October 20 – December 15, 2013
Wednesday, Novermber 13, 2013 - 7:00pm
Daniel Recital Hall
Reception to follow in the Vandiver Gallery
About the artist
Debbie Millman draws no distinction between life and work, career and calling. Her visual essays have been exhibited at the Chicago Design Museum and have graced the pages of Print Magazine. Since 2005, her radio show Design Matters has been a beacon of creative culture through conversations with luminaries like Malcolm Gladwell, Milton Glaser, Lawrence Weiner, Neville Brody, Maira Kalman, and dozens more. In 2011, the show received the prestigious Cooper Hewitt National Design Award.
A native New Yorker, Millman is the author of five books including Look Both Ways, Brand Thinking and Other Noble Pursuits and How to Think Like a Great Graphic Designer, and serves as President Emeritus of the American Institute of Graphic Arts (AIGA). She co-founded and chairs the Masters in Branding program at the School of Visual Arts, and has worked with some of the world's most prominent brands as President of the design division at Sterling Brands. Millman has been pushing the limits of the possible in branding, design, and the communication arts for nearly two decades.
About the work
"Visual storytelling utilizes both language and art to pass on the essence of who we are. Today, the visualization of our personal stories is an integral and essential part of the human experience. I have been exploring the art of telling a story through a unique combination of images and words all of my life. Through this work, I try to investigate the ability stories have to honor the diversity and commonality of our collective human experience."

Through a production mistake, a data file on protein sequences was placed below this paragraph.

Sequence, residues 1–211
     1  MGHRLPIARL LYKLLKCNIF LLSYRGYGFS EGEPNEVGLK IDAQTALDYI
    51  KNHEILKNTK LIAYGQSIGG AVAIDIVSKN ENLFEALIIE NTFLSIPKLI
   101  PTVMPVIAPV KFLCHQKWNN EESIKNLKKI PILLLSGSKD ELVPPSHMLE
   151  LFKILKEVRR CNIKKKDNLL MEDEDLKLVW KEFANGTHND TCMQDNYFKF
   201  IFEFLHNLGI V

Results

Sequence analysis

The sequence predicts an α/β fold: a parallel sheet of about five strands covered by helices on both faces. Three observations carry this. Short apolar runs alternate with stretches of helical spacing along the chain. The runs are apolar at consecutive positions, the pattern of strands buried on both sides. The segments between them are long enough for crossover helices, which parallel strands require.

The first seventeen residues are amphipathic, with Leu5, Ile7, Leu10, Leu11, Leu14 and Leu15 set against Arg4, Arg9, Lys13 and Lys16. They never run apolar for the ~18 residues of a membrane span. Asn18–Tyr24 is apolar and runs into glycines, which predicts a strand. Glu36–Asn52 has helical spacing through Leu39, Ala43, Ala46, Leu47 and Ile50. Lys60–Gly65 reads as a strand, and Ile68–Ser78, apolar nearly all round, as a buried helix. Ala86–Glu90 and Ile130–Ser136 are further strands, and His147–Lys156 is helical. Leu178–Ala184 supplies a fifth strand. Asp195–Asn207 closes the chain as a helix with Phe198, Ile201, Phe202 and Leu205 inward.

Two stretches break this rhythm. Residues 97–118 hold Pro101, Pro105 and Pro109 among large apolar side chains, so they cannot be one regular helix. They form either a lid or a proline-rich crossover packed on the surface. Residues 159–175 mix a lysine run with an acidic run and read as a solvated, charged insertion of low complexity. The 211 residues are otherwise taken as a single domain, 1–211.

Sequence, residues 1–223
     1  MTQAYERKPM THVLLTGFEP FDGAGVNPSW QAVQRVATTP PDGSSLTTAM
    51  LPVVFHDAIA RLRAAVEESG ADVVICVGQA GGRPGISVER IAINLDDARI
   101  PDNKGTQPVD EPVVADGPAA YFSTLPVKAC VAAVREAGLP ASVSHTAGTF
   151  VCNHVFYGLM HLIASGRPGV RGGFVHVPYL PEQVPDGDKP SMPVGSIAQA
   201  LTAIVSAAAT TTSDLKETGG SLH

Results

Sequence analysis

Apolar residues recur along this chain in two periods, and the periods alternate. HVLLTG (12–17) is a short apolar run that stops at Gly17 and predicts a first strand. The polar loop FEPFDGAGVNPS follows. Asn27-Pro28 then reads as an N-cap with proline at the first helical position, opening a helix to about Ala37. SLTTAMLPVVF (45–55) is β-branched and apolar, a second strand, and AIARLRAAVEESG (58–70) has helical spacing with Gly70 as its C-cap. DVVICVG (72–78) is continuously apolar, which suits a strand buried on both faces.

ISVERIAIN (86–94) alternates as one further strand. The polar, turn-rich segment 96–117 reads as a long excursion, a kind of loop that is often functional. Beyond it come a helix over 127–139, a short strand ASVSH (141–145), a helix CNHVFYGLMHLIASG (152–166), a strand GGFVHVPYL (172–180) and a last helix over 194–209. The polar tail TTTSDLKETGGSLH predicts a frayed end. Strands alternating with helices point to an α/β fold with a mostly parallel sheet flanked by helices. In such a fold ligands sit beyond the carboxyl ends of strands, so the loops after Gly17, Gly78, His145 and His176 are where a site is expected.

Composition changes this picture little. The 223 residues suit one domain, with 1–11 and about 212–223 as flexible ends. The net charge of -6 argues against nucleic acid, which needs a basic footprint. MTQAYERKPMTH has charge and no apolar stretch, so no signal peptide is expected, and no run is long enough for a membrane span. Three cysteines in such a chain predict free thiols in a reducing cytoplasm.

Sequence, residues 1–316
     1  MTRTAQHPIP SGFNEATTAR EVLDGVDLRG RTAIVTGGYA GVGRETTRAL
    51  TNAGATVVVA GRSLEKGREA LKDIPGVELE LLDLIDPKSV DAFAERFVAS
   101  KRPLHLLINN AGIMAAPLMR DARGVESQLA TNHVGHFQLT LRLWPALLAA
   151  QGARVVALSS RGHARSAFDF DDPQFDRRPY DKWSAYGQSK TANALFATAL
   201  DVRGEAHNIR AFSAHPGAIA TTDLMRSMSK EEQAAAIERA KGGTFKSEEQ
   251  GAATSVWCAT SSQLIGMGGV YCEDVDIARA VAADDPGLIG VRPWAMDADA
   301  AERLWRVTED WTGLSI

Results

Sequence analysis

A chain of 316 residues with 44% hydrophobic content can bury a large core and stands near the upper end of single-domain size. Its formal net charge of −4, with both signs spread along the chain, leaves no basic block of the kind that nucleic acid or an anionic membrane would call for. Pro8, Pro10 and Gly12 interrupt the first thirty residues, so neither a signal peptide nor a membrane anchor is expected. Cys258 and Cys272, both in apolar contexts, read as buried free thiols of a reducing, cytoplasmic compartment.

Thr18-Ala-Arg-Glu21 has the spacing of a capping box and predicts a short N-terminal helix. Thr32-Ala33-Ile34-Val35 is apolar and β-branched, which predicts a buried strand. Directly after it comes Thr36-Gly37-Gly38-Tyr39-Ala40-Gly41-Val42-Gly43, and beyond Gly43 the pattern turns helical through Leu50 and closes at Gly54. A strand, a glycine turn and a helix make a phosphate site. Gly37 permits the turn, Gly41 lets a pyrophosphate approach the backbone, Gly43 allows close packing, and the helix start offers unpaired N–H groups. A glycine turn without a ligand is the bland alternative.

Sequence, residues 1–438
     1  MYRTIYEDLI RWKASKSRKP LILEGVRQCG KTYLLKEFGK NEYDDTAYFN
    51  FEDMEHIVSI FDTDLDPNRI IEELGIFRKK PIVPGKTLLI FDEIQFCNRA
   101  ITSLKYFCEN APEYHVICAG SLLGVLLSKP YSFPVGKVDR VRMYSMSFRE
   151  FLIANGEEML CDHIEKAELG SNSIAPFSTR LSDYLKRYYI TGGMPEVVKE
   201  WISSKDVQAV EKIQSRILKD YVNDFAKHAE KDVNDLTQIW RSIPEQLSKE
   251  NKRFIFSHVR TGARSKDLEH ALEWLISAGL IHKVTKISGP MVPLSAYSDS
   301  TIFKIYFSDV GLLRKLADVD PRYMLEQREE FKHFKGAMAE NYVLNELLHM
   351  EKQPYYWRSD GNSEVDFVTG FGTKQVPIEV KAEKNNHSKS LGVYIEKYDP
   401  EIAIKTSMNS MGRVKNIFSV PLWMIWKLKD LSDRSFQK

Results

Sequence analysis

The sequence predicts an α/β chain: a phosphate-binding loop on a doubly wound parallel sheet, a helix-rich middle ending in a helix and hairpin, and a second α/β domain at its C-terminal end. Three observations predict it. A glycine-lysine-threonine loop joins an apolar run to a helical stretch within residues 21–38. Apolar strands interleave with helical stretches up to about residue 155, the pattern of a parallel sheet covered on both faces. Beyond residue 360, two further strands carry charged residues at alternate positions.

"Debbie Millman combines insights about design and everyday life with obsessive hand-drawn typography to create a new form of visual poetry, a 21st-century illuminated manuscript. That is, each piece of lettering seems to have been created to express the exact emotional subject matter at hand. A designer knows how to do this: to manipulate the visual components in order to evoke the appropriate feeling. It is a planned act. But a fine artist does it for herself, spontaneously, without a client or a brief. Debbie's elaborate doodles have more in common with Ed Fella's work than with editorial design. These drawings are communication from the heart. And they are the bravest, rawest, and most honest form of communication there can be. "
Paula Scher, Pentagram